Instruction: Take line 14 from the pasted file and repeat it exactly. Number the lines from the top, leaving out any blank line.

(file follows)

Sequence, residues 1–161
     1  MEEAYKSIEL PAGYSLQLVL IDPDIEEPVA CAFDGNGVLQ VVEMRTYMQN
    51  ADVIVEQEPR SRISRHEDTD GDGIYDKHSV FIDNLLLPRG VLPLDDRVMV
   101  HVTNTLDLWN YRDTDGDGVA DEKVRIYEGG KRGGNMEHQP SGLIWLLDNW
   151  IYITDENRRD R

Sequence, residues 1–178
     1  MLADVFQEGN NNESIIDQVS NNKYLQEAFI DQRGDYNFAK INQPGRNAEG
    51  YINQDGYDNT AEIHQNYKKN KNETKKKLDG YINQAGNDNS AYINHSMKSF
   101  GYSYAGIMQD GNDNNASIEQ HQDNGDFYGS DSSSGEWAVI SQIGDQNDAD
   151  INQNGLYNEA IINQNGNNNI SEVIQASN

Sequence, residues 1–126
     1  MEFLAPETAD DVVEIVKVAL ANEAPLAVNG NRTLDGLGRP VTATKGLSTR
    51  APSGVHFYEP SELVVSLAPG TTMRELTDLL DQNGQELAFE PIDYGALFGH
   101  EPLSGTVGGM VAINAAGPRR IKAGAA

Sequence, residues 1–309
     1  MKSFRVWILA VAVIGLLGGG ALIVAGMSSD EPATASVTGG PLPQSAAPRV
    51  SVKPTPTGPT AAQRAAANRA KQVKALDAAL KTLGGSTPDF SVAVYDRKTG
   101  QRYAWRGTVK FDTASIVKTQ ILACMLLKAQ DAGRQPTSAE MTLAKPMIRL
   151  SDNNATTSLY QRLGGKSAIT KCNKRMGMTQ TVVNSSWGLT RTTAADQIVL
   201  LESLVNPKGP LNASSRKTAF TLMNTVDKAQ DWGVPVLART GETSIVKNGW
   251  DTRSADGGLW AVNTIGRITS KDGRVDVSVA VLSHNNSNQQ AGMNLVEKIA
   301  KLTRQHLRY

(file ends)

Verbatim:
   101  EPLSGTVGGM VAINAAGPRR IKAGAA